Ready to ride a 29er



M

mucRider

Guest
cathwood wrote:
> *How good do you think I would have to be to be able to ride/controll
> a 29er?
> Cathy *


How good are you? :rolleyes:

If you can ride a 20 or 24 comfortably, you should be able to ride a
29". I can ride my 29" but not comfortably (yet).


--
mucRider - From the Over 50 Group

It is wise to invest in your happiness. - Harper
------------------------------------------------------------------------
mucRider's Profile: http://www.unicyclist.com/profile/6119
View this thread: http://www.unicyclist.com/thread/41328
 
C

cathwood

Guest
I guess I can ride comfortably for about 3 miles with just a couple of
UPDs.
I can ride down 9cm curbs but so far I've wimped out in jumping up the
curbs. Could probably do it though. Can hop and idle a little bit. Since
I have to get off when I'm riding to deal with going down higher curbs
and going up curbs, I don't really feel that I can ride that well.
Cathy


--
cathwood - Lunicyclist

A thought is just a thought.

http://www.chuckingandtwirling.co.uk
------------------------------------------------------------------------
cathwood's Profile: http://www.unicyclist.com/profile/9425
View this thread: http://www.unicyclist.com/thread/41328
 
K

Klaas Bil

Guest
On Tue, 21 Jun 2005 15:28:49 -0500, "cathwood" wrote:

>How good do you think I would have to be to be able to ride/controll a
>29er?


Cathy you're good enough. If you are (afraid of) having not enough
control, start out with 150 mm cranks - they make for a really easy
transition.

Klaas Bil - Newsgroup Addict
--
"As with all great social movements, the origins of mountain unicycling are unclear. - Hannah Nordhaus (Los Angeles Times)"
 
S

stevenbrandist

Guest
Hi Cathy,

I own a 20 and 24". I had my first, brief go an a 29er at BUC (thanks
s7evo!). It was a bit scary to begin especially as I was going down hill
with short cranks, but I stayed on. I couldn't mount it though - it was
a find a wall/lamp post job - you'll have to learn one of those rolling
start mount thingys (I've no idea what its called but it look very
impressive when 36" riders do it).

Steven


--
stevenbrandist - Just trying to get better
------------------------------------------------------------------------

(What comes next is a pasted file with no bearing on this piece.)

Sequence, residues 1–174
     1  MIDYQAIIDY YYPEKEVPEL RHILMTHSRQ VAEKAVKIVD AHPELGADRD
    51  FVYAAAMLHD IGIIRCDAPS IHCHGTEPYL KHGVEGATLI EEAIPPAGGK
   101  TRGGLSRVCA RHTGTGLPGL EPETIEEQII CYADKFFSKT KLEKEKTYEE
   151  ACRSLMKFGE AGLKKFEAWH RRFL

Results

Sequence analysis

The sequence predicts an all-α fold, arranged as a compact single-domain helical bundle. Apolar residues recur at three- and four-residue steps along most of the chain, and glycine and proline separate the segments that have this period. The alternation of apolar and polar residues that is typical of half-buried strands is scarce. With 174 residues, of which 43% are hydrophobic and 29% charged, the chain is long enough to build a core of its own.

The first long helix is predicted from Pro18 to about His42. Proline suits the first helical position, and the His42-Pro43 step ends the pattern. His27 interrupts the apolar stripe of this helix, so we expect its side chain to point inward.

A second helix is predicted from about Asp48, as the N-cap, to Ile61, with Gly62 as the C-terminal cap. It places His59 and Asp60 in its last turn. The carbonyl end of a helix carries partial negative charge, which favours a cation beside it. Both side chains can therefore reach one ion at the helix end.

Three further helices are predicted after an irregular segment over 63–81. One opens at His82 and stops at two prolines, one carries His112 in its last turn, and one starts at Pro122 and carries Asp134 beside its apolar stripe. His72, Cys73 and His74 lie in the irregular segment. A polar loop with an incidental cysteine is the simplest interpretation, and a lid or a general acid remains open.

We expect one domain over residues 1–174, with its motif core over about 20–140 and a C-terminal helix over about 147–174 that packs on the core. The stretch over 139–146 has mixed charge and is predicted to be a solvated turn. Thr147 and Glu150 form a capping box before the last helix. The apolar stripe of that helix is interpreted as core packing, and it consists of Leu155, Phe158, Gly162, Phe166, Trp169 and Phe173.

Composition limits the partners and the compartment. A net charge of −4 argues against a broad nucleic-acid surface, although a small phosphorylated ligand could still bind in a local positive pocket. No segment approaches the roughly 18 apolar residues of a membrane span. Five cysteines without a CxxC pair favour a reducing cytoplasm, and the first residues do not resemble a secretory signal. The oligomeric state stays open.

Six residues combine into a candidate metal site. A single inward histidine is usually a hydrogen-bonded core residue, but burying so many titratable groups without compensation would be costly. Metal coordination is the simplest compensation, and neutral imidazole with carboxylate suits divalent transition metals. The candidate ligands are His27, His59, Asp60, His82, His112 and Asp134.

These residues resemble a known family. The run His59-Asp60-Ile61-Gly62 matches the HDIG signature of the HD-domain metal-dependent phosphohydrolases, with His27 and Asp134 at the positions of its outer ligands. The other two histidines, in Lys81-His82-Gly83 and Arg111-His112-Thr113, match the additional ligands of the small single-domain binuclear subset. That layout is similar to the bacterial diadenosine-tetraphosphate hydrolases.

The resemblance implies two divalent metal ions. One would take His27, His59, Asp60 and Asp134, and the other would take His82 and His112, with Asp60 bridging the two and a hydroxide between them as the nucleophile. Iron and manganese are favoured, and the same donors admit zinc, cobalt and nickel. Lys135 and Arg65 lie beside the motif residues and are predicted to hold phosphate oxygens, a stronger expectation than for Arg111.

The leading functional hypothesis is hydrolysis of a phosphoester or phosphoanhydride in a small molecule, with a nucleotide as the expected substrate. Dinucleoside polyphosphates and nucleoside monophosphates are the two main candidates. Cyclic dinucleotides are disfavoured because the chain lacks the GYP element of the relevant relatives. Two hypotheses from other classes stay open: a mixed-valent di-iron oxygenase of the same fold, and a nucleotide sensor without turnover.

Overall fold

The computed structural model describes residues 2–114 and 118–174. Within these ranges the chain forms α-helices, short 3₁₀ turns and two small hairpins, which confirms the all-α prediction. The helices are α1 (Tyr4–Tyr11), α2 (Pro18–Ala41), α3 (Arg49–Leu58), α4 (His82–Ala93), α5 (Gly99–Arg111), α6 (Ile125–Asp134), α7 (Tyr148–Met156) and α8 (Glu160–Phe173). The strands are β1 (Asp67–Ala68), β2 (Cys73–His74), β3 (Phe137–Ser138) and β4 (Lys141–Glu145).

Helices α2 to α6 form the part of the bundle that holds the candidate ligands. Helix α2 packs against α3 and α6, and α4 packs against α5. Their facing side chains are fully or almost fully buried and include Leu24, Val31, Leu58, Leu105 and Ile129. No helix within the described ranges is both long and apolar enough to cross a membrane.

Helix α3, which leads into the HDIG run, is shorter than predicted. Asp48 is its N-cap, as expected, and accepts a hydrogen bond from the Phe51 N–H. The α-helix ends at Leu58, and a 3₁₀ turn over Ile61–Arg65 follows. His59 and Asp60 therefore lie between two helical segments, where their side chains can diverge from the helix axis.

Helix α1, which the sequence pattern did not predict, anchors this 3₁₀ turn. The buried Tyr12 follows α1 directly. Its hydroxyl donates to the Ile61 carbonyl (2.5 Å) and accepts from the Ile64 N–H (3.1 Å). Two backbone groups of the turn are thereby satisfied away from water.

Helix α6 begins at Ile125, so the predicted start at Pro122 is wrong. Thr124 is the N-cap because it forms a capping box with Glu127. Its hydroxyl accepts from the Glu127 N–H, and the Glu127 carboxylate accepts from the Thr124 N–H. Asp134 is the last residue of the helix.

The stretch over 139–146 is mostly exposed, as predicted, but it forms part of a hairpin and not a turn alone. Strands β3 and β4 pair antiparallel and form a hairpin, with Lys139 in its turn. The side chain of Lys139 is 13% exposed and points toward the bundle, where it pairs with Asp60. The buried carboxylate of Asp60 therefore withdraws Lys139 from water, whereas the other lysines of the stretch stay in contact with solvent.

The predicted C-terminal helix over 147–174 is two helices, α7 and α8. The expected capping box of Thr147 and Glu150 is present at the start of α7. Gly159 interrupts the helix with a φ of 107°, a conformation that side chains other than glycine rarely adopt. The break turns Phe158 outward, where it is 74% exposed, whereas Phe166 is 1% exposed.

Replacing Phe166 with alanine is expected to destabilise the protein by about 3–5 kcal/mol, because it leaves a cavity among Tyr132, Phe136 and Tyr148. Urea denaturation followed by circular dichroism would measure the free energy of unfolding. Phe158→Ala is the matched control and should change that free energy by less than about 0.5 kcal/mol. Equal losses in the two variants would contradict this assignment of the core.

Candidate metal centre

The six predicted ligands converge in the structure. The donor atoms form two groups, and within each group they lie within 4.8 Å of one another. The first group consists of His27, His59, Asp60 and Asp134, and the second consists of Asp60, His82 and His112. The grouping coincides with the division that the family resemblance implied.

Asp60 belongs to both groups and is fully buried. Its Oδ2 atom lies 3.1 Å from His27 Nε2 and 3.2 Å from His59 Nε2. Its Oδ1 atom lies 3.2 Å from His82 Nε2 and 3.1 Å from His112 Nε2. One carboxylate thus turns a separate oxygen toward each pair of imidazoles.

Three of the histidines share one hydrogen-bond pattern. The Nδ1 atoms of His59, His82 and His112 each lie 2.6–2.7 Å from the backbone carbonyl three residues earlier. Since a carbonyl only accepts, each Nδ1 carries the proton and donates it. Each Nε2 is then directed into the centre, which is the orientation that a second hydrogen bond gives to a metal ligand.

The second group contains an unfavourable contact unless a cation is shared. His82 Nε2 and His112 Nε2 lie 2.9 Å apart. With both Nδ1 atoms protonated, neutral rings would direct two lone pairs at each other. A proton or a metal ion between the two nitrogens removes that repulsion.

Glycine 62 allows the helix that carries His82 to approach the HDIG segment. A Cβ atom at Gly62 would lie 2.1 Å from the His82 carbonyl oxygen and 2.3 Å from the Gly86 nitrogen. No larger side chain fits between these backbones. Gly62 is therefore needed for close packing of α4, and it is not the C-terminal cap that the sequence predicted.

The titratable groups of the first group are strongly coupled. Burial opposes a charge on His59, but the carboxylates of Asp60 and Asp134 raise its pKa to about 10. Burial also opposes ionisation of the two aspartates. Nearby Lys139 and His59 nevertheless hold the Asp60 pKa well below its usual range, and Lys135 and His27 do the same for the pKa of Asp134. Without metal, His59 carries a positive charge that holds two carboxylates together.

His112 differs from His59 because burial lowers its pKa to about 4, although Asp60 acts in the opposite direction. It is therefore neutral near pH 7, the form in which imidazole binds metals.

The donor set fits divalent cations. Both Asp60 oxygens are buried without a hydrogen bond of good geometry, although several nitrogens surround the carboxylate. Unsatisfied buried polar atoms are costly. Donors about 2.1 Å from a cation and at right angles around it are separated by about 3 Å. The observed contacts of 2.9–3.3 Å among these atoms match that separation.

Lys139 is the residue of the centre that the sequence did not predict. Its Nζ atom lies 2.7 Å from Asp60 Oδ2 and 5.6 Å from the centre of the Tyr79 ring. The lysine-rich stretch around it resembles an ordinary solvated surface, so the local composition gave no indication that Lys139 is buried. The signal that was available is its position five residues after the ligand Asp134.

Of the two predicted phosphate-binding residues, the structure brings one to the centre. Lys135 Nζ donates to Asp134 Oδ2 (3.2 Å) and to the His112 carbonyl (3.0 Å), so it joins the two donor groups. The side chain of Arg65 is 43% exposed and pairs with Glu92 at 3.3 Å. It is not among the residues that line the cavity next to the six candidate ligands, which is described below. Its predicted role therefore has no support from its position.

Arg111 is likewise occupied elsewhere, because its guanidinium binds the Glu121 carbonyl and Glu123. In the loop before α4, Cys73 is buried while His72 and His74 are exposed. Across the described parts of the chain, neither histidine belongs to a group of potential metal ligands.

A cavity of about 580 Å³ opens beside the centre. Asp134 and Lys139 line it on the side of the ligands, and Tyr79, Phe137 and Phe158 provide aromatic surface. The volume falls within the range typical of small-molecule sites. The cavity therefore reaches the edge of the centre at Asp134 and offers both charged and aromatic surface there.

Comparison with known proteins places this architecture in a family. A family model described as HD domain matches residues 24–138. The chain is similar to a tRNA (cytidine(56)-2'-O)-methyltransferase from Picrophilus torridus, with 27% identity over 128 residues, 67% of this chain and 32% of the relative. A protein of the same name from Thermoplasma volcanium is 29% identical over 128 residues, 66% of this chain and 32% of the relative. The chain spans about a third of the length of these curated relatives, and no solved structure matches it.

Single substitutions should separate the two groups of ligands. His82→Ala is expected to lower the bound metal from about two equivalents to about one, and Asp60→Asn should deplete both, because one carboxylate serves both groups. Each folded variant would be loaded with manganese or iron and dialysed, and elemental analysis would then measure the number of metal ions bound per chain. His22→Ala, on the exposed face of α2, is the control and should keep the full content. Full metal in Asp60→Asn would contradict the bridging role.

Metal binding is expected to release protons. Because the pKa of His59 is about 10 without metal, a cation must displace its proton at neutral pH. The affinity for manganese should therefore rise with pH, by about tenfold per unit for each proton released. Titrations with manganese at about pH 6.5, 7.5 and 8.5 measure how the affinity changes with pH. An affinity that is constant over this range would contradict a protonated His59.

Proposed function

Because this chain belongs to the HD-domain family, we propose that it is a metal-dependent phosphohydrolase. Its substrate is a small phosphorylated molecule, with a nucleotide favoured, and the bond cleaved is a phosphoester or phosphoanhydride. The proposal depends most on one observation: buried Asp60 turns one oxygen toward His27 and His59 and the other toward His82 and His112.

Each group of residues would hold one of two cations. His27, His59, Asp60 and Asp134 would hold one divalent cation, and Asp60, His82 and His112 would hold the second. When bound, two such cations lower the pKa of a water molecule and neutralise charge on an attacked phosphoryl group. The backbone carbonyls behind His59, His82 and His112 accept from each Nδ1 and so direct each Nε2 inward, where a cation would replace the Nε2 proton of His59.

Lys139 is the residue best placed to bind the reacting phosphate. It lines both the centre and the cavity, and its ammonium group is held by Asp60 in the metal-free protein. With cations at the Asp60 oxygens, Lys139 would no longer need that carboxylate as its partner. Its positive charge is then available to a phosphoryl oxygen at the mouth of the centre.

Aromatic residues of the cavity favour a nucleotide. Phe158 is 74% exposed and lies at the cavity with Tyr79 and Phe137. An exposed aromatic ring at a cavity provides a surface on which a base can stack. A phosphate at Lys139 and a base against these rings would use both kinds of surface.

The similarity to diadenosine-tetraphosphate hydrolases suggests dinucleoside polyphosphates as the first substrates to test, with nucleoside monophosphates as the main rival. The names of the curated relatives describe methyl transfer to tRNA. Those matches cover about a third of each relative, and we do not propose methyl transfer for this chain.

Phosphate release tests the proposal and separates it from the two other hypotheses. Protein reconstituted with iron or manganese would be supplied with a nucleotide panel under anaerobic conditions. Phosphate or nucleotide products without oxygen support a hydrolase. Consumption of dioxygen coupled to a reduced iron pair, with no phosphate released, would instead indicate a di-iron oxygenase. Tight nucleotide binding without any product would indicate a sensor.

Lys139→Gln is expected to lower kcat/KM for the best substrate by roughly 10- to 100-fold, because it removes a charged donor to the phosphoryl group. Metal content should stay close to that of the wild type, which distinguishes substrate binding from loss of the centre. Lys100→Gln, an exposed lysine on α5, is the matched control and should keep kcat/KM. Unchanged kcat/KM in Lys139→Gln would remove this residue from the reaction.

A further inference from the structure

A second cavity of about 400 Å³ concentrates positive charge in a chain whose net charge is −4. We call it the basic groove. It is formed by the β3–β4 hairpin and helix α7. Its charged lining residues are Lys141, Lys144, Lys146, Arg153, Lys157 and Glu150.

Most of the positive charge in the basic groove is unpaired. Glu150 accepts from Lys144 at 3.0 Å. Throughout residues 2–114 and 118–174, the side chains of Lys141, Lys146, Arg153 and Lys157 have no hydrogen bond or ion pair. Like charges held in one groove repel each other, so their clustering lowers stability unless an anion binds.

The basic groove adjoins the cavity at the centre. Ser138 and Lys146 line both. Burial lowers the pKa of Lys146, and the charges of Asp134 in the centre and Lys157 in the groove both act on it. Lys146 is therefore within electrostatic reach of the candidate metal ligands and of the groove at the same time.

stevenbrandist's Profile: http://www.unicyclist.com/profile/9476
View this thread: http://www.unicyclist.com/thread/41328
 
W

weeble

Guest
I had a little trouble with my 28" when I first got it. It had a skinny
tire that seemed to pull to one side all the time, I was very shaky on
mounting, and it was a difficult ride. Things improved after I put a
fatter tire on it (making it a 29") and swapped the cranks with those
from my 24" (the smaller uni actually had longer cranks on it). I have
since sold off most of my other unis and have been riding the 29" almost
exclusively for the last year or so. It's my favorite size now; I can
mount, turn, idle and generally control it just the same as any other
size wheel. My feeling is that if you are a solid rider on a 24" wheel,
then after a bit of practice and adjustment you should be able to handle
the 29". Of course that's only what my experience was; yours may vary.

The move from a 24" to a 29" is a smaller jump in difficulty than going
from a 29" to a 36" is, in my opinion. The 36" is a different sort of
experience.


--
weeble - .

======================
To avoid danger of suffocation
keep away from babies
and small children
======================

------------------------------------------------------------------------
weeble's Profile: http://www.unicyclist.com/profile/1625
View this thread: http://www.unicyclist.com/thread/41328
 
S

s7ev0

Guest
Most everyone's right, I think, Cathy!

Steven is right, the first goes on a 29" are a little scary - but wasn't
it the same when learning to ride in the first place?

I can nail the step-up/rolling mount that Steven mentions about 1 in 3
times now, and can turn in the road pretty confidently, but I'm still
slightly uncomfortable controlling its speed on a downhill section
(uphill is not a great problem).